Grace Bay is located on the northern side of Providenciales and its reefs feature small walls with deep coral canyons from 30 to 100 feet.
These next set of snorkeling locations are not located in Providenciales, but in the other Turks and Caicos Islands. These also require boat access.
If you’re looking forward to worthwhile snorkeling in Grand Turk, it’s best to plan a boat cruise and head out to sea. Most reefs that are close to the shore are too deep to be good snorkeling points. Marine life here includes parrotfish, horse eye jacks and butterflyfish.
However, Boaby Rock Point is a good option for beach snorkeling on the southernmost point of Grand Turk. There are two medium sized reefs here, which extend roughly 300 feet from the beach. On a calm day, it is a good location to see the vibrant coral including sea fans and various marine life. Accessing this point is only a short walk from Grand Turk’s Cruise Center or an even shorter drive from that location.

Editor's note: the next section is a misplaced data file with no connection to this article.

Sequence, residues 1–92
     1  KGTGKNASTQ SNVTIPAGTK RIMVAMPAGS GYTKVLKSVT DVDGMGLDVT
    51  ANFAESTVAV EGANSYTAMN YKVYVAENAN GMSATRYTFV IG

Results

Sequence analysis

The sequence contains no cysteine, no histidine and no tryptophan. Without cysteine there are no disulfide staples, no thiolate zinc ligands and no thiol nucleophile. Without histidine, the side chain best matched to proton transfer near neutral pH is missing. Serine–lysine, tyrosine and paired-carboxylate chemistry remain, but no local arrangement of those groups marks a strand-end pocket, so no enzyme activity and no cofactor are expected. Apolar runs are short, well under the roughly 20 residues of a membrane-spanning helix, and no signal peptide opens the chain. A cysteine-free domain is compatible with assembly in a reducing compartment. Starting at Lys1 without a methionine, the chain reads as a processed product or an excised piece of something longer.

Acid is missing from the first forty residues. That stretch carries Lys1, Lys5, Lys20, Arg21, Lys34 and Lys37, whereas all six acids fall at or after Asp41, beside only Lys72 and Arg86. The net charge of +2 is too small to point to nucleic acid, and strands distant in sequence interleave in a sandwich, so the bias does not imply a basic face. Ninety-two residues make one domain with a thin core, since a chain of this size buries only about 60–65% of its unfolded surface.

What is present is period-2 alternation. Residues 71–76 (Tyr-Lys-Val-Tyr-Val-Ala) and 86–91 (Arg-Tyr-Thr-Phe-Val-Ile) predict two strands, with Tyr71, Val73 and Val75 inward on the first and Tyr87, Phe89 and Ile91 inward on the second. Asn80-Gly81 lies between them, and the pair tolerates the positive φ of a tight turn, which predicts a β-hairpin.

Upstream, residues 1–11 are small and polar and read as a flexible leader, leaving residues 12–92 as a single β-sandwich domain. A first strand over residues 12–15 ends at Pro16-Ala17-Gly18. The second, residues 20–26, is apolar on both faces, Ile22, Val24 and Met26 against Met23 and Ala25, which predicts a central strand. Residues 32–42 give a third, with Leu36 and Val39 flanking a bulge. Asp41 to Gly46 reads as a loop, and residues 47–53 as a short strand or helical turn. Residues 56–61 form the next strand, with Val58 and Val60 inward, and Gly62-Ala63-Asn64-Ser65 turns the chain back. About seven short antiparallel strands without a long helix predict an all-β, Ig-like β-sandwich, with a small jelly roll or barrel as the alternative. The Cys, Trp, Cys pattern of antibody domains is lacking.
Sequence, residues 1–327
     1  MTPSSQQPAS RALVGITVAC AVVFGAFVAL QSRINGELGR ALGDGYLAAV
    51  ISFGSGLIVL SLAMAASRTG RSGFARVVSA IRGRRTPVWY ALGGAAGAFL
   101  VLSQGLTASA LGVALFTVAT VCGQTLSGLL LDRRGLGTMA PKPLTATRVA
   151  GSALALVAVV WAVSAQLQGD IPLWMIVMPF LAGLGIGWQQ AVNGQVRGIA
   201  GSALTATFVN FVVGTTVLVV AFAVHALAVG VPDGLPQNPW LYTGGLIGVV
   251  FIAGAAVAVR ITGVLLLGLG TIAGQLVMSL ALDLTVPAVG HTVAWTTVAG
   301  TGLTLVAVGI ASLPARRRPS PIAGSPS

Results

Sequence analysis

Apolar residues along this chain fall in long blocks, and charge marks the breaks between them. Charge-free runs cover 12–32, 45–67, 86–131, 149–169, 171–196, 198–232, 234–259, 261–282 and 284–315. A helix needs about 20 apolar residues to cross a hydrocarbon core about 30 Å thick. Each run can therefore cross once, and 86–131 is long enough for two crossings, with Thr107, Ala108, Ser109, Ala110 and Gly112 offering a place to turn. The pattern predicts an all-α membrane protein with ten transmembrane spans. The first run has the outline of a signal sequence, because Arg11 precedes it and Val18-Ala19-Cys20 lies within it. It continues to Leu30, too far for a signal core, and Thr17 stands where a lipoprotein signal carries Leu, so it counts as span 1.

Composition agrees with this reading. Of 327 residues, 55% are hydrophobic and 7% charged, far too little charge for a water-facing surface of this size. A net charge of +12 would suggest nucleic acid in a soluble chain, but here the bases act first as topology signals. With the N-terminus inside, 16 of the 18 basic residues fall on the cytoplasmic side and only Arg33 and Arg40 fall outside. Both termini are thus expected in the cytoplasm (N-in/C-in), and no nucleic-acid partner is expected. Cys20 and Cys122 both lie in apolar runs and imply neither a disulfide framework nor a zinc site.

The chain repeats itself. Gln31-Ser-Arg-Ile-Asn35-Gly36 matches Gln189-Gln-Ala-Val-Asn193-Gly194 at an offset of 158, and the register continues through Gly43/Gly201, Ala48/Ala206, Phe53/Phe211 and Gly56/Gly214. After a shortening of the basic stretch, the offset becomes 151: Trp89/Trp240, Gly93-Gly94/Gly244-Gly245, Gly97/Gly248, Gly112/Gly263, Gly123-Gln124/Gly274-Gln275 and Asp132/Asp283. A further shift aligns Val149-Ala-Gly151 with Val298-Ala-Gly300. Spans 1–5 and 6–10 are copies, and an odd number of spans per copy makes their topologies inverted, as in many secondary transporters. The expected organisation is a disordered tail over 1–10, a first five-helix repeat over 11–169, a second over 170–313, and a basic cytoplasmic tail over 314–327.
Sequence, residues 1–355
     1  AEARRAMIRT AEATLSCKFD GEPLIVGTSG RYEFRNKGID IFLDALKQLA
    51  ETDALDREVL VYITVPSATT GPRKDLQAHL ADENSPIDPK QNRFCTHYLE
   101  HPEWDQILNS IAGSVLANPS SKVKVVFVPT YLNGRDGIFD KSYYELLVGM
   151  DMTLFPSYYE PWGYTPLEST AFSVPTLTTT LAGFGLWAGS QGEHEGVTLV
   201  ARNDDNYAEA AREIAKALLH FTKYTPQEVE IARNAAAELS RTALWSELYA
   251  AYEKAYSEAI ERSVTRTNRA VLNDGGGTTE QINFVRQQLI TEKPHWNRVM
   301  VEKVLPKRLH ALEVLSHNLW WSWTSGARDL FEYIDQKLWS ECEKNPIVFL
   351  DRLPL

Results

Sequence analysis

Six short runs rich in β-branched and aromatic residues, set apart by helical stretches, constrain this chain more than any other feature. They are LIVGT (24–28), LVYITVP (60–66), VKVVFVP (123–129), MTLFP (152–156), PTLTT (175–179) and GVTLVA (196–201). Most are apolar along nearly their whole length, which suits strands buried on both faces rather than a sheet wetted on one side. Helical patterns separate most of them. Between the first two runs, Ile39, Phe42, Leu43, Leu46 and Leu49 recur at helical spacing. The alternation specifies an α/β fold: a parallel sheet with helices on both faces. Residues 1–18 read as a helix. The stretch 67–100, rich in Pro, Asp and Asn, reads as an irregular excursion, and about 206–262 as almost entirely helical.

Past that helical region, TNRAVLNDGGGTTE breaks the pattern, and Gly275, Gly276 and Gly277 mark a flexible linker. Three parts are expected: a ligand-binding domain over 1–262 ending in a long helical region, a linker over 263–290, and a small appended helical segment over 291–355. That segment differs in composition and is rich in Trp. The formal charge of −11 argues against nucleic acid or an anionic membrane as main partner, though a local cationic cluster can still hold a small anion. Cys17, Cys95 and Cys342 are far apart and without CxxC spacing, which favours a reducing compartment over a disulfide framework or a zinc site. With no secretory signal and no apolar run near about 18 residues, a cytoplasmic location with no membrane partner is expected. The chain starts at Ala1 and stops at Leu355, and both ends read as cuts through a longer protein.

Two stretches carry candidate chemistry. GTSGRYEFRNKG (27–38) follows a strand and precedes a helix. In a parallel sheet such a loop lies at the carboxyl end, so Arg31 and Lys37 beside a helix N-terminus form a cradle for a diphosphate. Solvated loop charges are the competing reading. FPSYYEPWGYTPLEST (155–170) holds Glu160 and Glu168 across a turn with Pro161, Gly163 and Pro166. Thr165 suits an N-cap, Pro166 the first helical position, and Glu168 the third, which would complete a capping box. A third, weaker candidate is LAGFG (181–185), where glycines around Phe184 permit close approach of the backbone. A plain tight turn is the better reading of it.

On the downside, there are some large rocks and a great amount of seaweed. If you can get past this, snorkeling here can be fun.
These other beaches offer good snorkeling:
Picture: Horseshoe Reef at Gibbs Cay.
This small island in the Turks offers several snorkeling options – but boat cruises are recommended.
A boat excursion gives the opportunity to see reefs which are otherwise inaccessible. In between January and April, you can snorkel with migrating humpback whales.
Here are some great beach snorkeling locations in Salt Cay:
Mudjin Harbor is located in Middle Caicos which is the biggest island in the Caicos. This is not a location for beginners. The change in tides is often sudden but the limestone cliffs provide protection. Since the barrier reef is close to Mudjin Harbor, the underwater views are great, however, sea conditions are not always favorable. The marine life here is varied, including starfish, grouper and parrotfish.
If you’re in Providenciales and looking to get to Mudjin Harbor, take a ferry to North Caicos and rent a car from there.